Rainbow SharkRainbow fish, Gourami, and Minnows
Extreme care is needed when introducing other Sharks
Glofish and its Tank Mates

Glofish chasing each other

Because of odd tank mates, territorial disputes, food conflicts, and baby protection, glofish chase each other, which may cause causalities.

Single glofish in a tank

Glofish are schooling fish. They prefer swimming and living in the form of a group. This way, they feel safer and less stressed.

Naturally, glofish of all types have little emotion about feeling isolated, but it does deteriorate their health compared to the guppies living in a group.

So I advise having glofish in your tank in a minimum group of five. (for that, of course, you will need a bigger tank, like a 10-gallon tank for Glofish Tetra and Danios, 40-gallons for Rainbow shark, and 30-gallons for Tiger Barbs.

Only male glofish living together in the 10-gallon tank

Male glofish have competing nature. They will constantly compete for food which will cause a fight among them.

Male glofish tend to hold territorial disputes. Therefore, to avoid an unfortunate environment, you should keep multiple female glofish with a single male glofish in your tank.

Taking care of the glofish in a 10-gallon tank

A 10-gallon tank is comparatively a large tank. So to keep your glofish alive and happy, you need to take good care of the tank/water parameters.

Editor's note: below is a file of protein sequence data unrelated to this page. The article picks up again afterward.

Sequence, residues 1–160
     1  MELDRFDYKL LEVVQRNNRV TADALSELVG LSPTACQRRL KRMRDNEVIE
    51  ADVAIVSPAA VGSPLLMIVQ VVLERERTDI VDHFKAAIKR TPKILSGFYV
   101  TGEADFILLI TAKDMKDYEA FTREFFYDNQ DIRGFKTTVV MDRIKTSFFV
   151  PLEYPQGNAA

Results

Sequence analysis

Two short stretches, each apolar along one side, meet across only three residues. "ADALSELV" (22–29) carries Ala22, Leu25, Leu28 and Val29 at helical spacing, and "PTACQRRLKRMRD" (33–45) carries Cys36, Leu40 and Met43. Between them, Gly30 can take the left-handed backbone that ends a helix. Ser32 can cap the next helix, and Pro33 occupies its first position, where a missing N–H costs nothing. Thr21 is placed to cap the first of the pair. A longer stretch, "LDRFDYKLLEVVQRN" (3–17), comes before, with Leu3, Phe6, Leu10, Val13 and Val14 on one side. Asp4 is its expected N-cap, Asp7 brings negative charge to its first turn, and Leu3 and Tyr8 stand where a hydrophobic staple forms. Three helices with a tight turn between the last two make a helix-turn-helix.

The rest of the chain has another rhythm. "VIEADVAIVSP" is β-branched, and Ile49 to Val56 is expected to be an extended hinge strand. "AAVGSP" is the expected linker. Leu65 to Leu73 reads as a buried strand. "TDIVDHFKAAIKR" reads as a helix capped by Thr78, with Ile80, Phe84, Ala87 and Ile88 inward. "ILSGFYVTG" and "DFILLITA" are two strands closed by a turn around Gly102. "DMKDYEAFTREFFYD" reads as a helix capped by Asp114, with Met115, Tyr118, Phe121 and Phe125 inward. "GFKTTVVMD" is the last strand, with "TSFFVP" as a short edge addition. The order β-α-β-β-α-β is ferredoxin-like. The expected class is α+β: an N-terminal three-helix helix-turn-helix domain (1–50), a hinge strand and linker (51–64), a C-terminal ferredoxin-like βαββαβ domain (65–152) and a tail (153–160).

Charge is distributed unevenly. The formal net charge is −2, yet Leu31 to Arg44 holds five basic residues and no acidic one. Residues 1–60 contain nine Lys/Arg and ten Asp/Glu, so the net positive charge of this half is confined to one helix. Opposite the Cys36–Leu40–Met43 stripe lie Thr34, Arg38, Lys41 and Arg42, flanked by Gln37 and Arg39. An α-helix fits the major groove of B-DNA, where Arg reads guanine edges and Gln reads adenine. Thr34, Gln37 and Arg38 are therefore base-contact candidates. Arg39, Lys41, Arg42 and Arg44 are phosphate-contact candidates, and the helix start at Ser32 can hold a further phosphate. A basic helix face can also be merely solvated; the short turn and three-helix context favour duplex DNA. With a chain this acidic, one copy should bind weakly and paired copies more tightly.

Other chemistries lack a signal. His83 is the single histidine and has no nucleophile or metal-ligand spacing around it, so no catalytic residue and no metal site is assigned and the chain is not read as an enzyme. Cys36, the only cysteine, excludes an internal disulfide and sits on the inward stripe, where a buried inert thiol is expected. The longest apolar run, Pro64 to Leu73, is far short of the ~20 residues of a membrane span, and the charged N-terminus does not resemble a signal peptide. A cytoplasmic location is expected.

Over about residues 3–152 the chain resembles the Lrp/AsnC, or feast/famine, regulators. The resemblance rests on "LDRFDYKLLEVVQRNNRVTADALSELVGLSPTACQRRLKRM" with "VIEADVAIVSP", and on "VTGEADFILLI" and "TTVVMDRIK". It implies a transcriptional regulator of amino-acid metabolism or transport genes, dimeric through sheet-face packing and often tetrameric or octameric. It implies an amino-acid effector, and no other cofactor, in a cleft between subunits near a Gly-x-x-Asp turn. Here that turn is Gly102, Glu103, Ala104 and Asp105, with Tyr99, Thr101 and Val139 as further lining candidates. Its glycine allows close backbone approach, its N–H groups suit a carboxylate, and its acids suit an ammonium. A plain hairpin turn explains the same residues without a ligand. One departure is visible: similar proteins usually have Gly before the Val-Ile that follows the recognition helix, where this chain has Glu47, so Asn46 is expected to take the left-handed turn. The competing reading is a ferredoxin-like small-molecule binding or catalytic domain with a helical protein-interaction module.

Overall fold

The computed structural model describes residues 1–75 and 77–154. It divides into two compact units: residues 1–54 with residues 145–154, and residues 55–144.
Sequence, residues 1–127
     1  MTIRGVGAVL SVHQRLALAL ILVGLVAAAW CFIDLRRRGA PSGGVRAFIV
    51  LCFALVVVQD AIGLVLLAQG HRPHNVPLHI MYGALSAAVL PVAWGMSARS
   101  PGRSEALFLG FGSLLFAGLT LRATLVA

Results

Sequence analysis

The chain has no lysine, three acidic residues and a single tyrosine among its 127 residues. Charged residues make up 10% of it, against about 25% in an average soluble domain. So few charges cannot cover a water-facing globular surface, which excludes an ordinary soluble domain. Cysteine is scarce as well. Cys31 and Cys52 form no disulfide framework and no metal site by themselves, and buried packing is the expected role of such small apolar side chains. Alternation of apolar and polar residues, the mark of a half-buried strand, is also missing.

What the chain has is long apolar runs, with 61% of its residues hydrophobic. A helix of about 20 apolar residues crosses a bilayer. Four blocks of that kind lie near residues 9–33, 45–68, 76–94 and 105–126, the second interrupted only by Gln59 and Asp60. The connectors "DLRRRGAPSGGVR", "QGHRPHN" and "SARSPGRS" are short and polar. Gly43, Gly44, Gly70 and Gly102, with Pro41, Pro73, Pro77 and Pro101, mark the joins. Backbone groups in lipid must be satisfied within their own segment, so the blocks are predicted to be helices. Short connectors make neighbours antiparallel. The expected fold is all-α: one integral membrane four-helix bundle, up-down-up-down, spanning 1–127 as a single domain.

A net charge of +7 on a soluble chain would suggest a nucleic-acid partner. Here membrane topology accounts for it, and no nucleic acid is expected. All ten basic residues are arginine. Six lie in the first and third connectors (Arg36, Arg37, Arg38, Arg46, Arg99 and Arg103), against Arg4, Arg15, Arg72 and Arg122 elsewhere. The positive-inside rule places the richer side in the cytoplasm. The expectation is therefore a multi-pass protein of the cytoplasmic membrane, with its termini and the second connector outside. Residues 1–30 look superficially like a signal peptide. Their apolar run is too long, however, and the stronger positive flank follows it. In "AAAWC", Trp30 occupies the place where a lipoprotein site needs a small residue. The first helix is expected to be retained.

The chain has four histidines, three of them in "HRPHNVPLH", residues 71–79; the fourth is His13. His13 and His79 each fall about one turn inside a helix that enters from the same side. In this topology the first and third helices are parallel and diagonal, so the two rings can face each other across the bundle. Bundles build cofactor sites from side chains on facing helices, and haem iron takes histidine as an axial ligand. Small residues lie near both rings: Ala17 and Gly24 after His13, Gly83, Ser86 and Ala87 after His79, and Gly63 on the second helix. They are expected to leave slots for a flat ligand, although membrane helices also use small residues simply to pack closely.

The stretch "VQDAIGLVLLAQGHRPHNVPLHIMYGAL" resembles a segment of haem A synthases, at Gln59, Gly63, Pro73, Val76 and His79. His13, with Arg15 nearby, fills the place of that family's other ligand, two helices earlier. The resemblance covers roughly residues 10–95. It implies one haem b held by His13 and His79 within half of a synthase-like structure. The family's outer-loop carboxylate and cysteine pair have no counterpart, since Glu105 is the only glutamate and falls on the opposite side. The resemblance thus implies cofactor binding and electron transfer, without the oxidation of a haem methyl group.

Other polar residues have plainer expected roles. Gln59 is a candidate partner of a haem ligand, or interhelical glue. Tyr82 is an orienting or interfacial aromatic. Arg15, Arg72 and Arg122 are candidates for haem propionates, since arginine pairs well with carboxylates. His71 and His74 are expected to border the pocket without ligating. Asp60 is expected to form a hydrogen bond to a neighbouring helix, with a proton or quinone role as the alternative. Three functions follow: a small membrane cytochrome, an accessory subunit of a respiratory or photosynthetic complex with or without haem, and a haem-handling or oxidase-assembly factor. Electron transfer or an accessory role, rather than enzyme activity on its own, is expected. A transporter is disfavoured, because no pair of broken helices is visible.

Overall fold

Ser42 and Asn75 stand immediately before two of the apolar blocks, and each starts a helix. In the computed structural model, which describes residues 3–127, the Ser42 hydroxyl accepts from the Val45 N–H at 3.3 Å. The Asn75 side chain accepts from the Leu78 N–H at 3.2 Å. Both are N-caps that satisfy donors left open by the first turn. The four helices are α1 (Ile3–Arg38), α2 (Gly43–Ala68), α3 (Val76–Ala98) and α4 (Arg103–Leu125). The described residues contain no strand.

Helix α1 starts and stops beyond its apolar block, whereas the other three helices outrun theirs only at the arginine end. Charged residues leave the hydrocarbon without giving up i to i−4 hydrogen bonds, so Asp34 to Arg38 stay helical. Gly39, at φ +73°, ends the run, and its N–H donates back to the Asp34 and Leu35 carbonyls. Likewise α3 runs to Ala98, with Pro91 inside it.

1. Plantation

Make sure you have enough plants in your tank to absorb the carbon dioxide, nitrate, and other substances that are toxic waste from the fish excretion.

Glofish can survive on their own with just plants and pests. So plantation in the ten-gallon tank is essential.

2. Water Quality Check

Change the water frequently to eliminate all the toxins. If you have a filter, change the water weekly.

If you do not have a water filter, about 40% of the tank water should be changed daily.

3. Water filter installation

You need a filter that will eliminate the ammonia by changing it to nitrite and then nitrite into a less toxic form called nitrate.

Nitrates are removed when you do the water changes in the tank. This process is called the Nitrogen Cycle.

4. PH Level

Also, make sure to maintain a healthy PH level in the tank. PH should be between 6-7. Here is how you can naturally control the PH in your water tank.

5. Water Temperature

Water temperature should be kept between 72 to 82 oF; a heater can also be placed in the tank to maintain the glofish likely temperature.